It Clambers, It Climbs! It's Fragrant!
Need I say more to convince you to rush to your favorite on line native nursery to get this pretty!
Not convinced yet? How about this~~ niche gardens describes it as "tough as nails". What's known so far~~ It appears happy at C&L and for that we love it! It's not a Tennessee native, but, is found happily growing in NC, SC, GA and Florida. I am sorry to say, that it's marginal in anything colder then zone 6. It's a fall blooming member of the asteraceae family with sweet scented pink lilac flowers that resemble Symphyotrichum patens flower and leaf form. What makes this aster unique is that it's the only woody perennial scandent aster in North America. (Horticulture wordsmiths already know that scandent means climbing! Here's another tidbit! This aster has a chromosomal uniqueness that places it in its own little genus and plant geneticists have had tons of fun confirming this over the last few years. They really know how to play!)
I must be honest~~I bet you're wondering what will follow! This is Carolina's first year at C&L! She has yet to be trialed in our wet winters. Which is the true test of most plants that move here. Can they survive wet clay soil for months on end? Regular visitors know that C&L plants have to be tough. This is one reason why there are so many cedar glade endemics in the garden (here for more on them). They are tough as nails; enduring wet winters and hot, dry summers. If these are your conditions, don't despair! Cedar glade endemics can take it! Austin gardeners, you ought to be able to grow them! Go here for ideas! But, I digress, the point is that Sweet Carolina is not a cedar glade endemic.
Carolina Aster has been described as a woody scrambling shrub, so it might be one of those plants that looks equally good climbing on a wall or romping through the border. We'll see how it grows after the winter tests it! It was happily growing in containers at Growild Nursery. My hope is that it will continue to grow well here and reach toward the 12 feet size it's purported to grow. It's planted on a trellis against a southwest facing wall. A sunny and protected spot; the former home of Carolina Jessamine, which started to grow under the roof shingles and was moved to the wayback backyard's ugly cyclone fence, but that's another story!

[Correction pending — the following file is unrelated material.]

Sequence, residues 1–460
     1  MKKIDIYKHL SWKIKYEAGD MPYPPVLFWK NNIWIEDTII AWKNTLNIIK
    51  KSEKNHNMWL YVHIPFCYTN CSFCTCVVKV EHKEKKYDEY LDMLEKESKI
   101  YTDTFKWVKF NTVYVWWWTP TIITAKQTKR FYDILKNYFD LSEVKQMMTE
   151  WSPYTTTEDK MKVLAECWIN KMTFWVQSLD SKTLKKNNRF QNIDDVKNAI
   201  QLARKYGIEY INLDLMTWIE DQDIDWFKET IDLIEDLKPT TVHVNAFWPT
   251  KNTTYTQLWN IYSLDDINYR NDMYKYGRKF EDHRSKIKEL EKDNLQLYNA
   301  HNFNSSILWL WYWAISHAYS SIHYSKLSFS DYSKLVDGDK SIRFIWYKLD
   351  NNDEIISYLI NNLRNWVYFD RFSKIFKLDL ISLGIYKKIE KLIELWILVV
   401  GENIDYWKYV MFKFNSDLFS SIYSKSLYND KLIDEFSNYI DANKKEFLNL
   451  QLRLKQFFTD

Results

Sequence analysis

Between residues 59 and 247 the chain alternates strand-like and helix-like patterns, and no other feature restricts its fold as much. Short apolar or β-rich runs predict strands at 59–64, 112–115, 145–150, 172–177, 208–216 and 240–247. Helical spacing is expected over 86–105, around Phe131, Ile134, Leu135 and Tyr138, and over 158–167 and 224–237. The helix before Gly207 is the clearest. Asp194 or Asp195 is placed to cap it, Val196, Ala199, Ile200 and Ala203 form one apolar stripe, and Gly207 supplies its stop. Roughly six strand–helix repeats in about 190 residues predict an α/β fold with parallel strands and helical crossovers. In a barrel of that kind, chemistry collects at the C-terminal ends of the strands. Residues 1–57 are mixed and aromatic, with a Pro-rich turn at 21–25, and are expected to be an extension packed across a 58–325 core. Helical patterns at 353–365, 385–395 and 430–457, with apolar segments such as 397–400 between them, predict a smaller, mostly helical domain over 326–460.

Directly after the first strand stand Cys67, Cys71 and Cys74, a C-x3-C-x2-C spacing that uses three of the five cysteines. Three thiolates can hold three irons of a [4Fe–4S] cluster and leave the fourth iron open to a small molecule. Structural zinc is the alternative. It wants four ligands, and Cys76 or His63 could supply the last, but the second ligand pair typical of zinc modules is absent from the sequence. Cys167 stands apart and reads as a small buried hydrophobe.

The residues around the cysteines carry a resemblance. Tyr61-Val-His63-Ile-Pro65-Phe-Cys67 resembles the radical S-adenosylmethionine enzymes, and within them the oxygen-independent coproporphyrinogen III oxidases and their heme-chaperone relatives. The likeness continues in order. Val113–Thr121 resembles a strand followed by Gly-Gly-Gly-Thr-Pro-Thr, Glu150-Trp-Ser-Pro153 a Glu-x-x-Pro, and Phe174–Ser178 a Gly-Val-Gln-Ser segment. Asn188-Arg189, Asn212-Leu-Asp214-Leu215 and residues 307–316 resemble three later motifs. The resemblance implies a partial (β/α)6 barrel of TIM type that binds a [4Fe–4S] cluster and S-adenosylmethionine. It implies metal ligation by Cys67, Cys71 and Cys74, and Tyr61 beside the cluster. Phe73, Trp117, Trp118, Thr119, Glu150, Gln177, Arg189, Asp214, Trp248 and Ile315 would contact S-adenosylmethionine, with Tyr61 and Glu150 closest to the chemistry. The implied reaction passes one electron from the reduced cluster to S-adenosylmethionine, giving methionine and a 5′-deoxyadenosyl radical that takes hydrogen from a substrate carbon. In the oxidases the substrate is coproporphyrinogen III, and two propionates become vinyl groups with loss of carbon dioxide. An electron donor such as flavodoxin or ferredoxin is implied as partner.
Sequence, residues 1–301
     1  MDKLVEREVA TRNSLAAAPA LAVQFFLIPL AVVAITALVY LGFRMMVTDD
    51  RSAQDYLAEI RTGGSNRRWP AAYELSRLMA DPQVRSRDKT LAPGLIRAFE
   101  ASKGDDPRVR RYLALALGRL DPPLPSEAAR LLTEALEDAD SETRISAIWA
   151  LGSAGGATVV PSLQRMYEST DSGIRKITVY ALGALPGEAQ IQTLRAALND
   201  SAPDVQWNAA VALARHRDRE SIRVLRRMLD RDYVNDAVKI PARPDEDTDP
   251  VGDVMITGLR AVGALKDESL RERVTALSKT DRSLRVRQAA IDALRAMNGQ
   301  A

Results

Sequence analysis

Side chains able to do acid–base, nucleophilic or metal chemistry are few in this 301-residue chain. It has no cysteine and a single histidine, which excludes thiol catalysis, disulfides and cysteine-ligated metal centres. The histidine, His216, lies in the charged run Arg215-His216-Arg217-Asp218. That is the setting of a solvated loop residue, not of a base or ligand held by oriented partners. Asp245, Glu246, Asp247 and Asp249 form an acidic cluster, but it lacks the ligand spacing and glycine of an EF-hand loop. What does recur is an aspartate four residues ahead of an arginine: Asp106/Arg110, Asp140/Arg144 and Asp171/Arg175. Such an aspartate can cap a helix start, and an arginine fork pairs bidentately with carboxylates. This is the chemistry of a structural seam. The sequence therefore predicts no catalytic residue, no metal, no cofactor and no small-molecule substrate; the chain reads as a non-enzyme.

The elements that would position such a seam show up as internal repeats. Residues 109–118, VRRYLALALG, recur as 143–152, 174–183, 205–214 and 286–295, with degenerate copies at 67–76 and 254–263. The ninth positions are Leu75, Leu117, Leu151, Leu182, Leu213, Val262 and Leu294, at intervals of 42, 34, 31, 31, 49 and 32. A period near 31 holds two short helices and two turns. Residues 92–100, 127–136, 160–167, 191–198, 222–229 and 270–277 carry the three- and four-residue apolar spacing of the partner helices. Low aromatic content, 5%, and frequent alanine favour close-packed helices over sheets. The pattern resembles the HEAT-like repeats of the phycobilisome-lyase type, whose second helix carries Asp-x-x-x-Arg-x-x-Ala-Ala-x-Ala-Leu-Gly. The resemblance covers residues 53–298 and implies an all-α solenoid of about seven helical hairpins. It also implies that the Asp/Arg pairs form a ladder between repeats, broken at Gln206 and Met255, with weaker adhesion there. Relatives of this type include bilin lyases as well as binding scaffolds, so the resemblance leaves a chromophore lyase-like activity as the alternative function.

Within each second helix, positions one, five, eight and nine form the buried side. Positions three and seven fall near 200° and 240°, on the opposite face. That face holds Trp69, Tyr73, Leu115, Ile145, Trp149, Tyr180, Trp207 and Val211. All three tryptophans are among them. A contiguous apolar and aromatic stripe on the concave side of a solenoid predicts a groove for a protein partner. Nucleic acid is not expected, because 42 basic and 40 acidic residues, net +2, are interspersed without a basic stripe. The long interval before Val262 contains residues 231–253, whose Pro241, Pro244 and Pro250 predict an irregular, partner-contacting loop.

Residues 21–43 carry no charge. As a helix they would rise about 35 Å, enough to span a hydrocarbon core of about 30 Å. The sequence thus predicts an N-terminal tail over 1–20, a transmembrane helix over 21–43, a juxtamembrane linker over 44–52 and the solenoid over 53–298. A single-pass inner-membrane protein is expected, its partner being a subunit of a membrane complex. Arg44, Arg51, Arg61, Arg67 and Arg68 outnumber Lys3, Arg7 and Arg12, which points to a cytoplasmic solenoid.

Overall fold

Bottom Line Info:
*A pretty little southeast coastal native, that might or might not survive the harsh growing conditions this garden likes to throw at plants! But, worth the trouble, if it climbs and scampers. We like climbing and scampering.
*It will grow as far south as Zone 9 and with protection as far north as Zone 6.
*While some garden centers claim it's tough as nails...It is by NO stretch of the imagination a xeric plant!
*Like all asteraceae, it attracts many pollinators looking for nectar and pollen. It's a caterpillar food plant for the American Painted Lady butterfly.
*It has a sweet honey like fragrance.
*Fall blooming until frost for all the bees and late visiting butterflies.
That's all I know folks! But, doesn't she sound like she might be worth some
May I leave you with this~Pollinator shot of the day